Boeing and FAA have found an additional software issue on the 737 MAX, separate from the MCAS problem, that will require additional time to fix, as Boeing disclosed in a securities filing on June 26.
“The Federal Aviation Administration has asked The Boeing Company to address, through the software changes to the 737 MAX that the company has been developing for the past eight months, a specific condition of flight, which the planned software changes do not presently address,” the company reported in the filing. “The Boeing Company agrees with the FAA’s decision and request, and is working on the required software to address the FAA’s request. Boeing will not offer the 737 MAX for certification by the FAA until we have satisfied all requirements for certification of the MAX and its safe return to service.”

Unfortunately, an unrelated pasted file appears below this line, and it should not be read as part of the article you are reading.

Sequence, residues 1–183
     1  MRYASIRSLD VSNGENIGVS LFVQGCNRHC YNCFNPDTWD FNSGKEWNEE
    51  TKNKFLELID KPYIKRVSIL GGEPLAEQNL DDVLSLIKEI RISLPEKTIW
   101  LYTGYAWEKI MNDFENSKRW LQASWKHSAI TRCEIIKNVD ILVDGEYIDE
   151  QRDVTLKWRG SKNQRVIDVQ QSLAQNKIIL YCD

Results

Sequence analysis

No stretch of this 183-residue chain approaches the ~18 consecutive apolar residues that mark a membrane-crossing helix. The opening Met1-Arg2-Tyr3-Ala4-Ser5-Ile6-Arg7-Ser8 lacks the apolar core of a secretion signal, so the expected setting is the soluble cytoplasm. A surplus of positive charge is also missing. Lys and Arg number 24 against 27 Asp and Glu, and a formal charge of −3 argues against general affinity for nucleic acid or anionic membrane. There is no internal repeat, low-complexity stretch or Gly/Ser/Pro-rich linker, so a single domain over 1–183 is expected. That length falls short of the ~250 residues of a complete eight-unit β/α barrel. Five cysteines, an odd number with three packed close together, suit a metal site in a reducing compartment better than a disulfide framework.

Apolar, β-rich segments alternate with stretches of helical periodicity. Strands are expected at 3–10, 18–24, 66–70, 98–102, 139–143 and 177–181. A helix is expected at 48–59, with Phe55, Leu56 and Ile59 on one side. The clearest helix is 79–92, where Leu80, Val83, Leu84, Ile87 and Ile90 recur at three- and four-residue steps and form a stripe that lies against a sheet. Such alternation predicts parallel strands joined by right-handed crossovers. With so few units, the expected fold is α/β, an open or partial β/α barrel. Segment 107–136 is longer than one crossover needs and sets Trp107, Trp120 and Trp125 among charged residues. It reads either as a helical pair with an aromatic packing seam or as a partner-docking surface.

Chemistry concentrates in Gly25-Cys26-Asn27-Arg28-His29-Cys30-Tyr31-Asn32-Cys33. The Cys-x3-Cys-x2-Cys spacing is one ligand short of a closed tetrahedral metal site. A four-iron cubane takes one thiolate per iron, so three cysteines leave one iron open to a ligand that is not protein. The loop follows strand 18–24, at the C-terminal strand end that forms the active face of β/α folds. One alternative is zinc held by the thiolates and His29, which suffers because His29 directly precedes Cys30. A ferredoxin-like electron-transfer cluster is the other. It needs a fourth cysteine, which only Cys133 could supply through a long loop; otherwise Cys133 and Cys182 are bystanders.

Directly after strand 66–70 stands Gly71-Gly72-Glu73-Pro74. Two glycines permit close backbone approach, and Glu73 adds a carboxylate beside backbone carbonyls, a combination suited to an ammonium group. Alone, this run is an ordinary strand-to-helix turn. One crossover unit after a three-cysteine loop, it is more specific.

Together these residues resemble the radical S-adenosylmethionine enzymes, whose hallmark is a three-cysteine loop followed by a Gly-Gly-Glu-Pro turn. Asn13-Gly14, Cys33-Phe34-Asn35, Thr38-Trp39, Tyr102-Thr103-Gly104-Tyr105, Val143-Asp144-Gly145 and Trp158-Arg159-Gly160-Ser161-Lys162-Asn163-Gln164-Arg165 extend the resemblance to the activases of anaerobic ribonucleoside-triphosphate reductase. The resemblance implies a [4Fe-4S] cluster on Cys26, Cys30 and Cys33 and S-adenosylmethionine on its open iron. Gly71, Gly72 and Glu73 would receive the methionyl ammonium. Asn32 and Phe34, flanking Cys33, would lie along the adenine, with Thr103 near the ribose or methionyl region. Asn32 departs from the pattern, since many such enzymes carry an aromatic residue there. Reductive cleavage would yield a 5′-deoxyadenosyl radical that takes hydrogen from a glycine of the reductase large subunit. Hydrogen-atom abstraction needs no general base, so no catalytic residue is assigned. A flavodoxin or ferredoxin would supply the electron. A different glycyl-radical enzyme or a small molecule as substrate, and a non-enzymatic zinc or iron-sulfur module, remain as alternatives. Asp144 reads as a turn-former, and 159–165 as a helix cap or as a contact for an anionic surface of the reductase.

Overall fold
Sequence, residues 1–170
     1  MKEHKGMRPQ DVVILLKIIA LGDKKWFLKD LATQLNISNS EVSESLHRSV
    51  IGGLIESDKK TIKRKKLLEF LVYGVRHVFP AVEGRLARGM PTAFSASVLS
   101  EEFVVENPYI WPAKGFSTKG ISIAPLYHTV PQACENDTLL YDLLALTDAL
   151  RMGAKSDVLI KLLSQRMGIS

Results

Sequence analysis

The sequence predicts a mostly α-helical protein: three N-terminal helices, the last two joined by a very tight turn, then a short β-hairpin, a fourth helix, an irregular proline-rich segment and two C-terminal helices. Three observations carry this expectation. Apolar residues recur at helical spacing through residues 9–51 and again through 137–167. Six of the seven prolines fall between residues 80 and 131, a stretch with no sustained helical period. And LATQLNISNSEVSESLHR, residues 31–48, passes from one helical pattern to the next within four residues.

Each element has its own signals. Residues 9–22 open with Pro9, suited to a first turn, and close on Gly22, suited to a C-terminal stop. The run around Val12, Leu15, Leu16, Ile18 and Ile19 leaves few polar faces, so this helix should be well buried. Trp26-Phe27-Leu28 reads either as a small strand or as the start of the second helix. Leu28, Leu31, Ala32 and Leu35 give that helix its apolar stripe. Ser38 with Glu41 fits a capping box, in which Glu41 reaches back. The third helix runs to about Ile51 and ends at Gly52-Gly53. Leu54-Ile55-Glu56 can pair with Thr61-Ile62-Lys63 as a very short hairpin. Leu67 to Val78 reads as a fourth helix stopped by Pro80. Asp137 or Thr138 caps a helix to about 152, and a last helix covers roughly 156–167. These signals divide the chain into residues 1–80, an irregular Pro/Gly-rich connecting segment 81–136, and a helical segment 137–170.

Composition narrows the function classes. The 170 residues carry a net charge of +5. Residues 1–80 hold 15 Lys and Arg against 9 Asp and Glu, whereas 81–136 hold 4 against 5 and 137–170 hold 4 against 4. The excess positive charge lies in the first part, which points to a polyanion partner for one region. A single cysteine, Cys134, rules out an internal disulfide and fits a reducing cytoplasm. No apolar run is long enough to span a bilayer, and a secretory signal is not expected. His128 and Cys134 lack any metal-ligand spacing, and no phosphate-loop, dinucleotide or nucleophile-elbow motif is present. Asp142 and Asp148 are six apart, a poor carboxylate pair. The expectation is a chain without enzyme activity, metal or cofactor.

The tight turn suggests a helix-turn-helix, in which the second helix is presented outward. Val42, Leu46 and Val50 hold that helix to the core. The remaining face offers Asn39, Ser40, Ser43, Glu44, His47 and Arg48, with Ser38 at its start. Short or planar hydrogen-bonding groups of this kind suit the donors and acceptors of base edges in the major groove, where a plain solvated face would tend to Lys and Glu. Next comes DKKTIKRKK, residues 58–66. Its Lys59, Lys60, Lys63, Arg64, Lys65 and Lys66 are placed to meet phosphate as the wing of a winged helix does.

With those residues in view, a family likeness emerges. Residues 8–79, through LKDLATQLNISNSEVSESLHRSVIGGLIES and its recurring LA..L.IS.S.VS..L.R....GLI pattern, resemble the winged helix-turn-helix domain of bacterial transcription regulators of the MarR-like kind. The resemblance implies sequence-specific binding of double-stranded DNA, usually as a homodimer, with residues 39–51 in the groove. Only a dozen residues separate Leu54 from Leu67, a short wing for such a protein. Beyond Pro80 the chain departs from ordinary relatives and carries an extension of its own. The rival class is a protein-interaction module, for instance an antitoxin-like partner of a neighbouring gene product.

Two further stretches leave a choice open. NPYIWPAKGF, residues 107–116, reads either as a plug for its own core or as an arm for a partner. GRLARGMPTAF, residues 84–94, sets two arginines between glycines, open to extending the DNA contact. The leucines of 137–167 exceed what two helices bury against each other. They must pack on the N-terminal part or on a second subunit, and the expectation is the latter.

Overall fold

The flaw was discovered by test pilots for the government within the updated software for the airplane that could cause a pitch-down moment, similar, but separate, to the problem caused by the MCAS already under investigation.
The fix is expected to add on additional months to the airplane’s return to service, according to reports, extending the pain suffered by major airlines as long as the airplane remains grounded.